In order to begin understanding how a sound system works, it’s important for us to understand how sounds are generated. In order to be able to reproduce sound, sound systems need a source that generates (or picks up) the sound.
There are a variety of sources for sound. Here are a few of the most common:
- Microphones – All microphones are designed to take sound waves (acoustical energy) and turn these waves into electrical signals. The majority of sound today is created with real instruments using microphones. Microphones pickup virtually anything you can hear, and they are an important system input device. There are numerous types and uses of microphones, and we’ll dig more deeply into them in the Microphones sections.
- Playback Devices – Audio playback devices are another common input to a sound system. There are a variety of playback devices that include CD players, tape players, iPod & MP3 players, computers, and a variety of video playback sources with an audio output. Generally these playback devices are used to playback sounds that have already been created elsewhere.
- Digital and electronic instruments – Today, many instruments create sounds using sensors and pickups (like an electric guitar or electric bass) or have some sort of sound generating electrical components in them (such as digital pianos and synthesizers). Often these systems can plug directly into a sound system without the use of a microphone. For older, classic instruments (such as guitar amps) microphones are still used to help capture the unique sound of the guitar/amp combination.
The Mixing Console:
The mixing console is like the brains of a sound system. All of the audio as well as the primary controls for the system are all contained in the mixing console. It’s called a mixing console because the inputs (from one to several hundred depending on the size of the console) are all “mixed” into a single output that plays back through the loudspeaker. In a typical rock band, you might have 2 or 3 guitars, a bass, drums, keyboards, and several vocal channels. An orchestra or other performing arts event can have many more. All of these inputs are then mixed down and played back out of the speakers. A mixing console lets you control and tweak all of the inputs to craft an overall mix.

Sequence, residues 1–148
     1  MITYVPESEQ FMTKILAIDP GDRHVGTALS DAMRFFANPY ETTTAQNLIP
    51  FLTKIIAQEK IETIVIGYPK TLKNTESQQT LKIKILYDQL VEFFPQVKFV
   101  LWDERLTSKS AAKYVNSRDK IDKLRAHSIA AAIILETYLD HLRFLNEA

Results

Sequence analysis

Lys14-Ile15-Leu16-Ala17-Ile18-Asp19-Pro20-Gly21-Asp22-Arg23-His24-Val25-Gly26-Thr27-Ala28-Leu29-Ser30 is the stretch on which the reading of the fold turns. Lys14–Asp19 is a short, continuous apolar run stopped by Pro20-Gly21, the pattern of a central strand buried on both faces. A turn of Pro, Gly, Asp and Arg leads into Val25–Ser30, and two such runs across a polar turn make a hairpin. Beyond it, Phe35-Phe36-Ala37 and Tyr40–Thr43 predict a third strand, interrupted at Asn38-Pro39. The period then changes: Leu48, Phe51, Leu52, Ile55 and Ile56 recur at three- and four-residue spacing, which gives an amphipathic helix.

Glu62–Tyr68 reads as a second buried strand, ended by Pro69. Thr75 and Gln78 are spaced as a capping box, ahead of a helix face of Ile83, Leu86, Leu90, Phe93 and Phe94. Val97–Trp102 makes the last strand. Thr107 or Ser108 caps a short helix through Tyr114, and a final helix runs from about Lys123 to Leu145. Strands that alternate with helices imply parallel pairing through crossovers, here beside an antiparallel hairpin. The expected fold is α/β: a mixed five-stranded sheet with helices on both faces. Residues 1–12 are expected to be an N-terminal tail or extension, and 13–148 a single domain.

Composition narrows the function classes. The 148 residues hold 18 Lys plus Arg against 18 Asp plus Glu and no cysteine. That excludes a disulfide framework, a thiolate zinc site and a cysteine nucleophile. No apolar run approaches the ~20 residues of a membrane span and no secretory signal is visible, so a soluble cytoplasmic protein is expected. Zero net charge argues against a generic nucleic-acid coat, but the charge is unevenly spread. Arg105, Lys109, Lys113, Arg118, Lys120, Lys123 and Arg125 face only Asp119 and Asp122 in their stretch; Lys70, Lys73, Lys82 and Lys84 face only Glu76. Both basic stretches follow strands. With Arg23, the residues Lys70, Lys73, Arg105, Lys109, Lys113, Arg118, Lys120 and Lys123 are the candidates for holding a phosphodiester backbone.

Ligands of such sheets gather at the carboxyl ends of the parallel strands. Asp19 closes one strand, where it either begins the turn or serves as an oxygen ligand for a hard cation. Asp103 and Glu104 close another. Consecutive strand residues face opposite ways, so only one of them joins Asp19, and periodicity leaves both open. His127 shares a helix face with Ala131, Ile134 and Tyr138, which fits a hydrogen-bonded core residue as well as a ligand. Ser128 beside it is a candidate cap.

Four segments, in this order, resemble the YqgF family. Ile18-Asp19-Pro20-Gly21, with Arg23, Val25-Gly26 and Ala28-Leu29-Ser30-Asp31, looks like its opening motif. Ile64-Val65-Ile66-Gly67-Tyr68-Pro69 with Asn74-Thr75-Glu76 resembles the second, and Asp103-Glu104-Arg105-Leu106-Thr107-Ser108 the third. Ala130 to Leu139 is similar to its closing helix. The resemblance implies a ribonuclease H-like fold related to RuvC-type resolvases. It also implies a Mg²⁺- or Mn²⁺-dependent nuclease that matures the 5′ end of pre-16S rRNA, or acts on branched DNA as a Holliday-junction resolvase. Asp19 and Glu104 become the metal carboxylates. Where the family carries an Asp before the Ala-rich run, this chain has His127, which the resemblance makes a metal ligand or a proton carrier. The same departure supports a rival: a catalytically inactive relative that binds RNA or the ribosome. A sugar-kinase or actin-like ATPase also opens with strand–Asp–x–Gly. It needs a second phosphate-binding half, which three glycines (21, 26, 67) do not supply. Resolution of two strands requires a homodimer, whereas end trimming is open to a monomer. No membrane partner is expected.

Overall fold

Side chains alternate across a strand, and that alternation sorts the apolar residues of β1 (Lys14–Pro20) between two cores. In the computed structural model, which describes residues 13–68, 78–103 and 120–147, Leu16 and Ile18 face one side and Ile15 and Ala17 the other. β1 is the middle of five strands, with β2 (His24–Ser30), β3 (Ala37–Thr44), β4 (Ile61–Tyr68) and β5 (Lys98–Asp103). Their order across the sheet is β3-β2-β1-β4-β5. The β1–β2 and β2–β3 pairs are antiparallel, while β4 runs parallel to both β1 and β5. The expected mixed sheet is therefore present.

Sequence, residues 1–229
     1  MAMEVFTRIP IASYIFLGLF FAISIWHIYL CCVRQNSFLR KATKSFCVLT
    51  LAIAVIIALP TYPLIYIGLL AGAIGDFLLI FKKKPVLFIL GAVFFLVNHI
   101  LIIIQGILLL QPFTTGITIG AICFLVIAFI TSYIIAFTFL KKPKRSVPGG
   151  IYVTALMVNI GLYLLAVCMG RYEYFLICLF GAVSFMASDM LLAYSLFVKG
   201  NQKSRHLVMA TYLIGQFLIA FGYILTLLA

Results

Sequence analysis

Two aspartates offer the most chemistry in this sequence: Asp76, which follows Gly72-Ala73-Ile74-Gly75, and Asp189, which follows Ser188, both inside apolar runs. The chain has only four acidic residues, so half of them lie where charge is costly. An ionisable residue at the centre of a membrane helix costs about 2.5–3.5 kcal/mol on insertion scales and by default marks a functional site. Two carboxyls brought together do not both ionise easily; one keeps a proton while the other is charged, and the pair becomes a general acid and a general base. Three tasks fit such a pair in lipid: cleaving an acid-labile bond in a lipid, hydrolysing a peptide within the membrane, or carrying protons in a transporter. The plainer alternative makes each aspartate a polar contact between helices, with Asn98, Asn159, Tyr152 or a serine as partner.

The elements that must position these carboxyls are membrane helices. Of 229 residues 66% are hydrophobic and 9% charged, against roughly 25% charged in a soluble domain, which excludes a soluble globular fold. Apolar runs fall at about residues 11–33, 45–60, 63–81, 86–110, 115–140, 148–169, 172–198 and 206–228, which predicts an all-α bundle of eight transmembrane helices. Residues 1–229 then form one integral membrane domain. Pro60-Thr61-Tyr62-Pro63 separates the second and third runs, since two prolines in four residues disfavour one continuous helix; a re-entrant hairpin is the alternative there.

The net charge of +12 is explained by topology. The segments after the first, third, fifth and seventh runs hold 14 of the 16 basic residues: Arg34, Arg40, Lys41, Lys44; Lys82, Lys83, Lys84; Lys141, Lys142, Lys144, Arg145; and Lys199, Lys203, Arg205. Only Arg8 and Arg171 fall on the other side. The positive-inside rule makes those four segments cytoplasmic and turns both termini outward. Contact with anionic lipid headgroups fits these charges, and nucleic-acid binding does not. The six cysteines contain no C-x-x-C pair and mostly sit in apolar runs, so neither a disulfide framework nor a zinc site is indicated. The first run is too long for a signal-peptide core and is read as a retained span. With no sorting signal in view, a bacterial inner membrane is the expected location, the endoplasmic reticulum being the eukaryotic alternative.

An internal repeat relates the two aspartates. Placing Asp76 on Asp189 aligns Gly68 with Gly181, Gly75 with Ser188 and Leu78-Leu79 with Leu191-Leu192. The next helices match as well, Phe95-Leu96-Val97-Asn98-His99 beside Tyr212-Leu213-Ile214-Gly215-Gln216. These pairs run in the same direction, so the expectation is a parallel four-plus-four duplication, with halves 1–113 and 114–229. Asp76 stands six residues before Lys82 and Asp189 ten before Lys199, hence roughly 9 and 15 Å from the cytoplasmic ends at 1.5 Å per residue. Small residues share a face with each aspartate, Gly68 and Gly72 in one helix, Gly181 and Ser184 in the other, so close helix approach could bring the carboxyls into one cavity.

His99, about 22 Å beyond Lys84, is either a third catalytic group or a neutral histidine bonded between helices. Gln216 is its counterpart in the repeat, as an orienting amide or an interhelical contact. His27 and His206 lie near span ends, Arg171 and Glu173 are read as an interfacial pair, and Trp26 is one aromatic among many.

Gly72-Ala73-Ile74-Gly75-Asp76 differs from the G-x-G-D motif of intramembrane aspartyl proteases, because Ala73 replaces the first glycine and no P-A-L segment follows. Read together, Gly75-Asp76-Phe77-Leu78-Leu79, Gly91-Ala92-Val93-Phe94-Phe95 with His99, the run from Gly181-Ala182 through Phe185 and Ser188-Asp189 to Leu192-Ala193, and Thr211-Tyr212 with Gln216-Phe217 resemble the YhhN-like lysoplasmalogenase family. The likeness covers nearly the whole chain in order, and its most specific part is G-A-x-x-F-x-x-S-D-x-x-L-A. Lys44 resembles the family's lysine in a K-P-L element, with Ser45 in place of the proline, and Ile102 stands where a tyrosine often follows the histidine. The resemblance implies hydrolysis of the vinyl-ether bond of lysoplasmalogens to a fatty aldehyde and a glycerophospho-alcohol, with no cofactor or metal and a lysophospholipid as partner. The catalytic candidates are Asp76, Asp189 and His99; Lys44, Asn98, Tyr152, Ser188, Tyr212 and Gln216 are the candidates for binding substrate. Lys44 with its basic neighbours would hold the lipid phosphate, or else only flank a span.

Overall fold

Once the sound is mixed, it is then sent to the amplifiers. The amplifiers take a line-level (very weak) signal and amplify it to a speaker level output. Amplifiers take the signal and effectively make it really loud, and then send it on to the loudspeakers where it is converted back into acoustical energy.
The final step in the typical signal chain for a sound system is the loudspeaker. The loudspeaker is designed to take the electrical signal and convert it into actual sound waves that we can hear with our ears. The speakers take the mixed signal and convert it into vibrations that we can hear.
A sound system is designed to take several input sources and combine them together using a mixing console. This combined signal is then sent to the amplifier where it is boosted and sent to the loudspeaker that converts it back into sound waves that we can hear. Whether you have a small system with one or two speakers or a huge system multiple inputs and loudspeakers, these basic functions are the core of any sound system.
Often the jobs of the mixer and amplifier or the amplifier and the loudspeaker are combined into one unit. Loudspeakers come as active speakers (with an amplifier already built in) or as passive speakers (without an amplifier built in). Likewise some mixers are powered mixers meaning they have an amplifier built right in. Although these systems combine several pieces together, it is important to remember that all the pieces are still present, they just working together within the same device.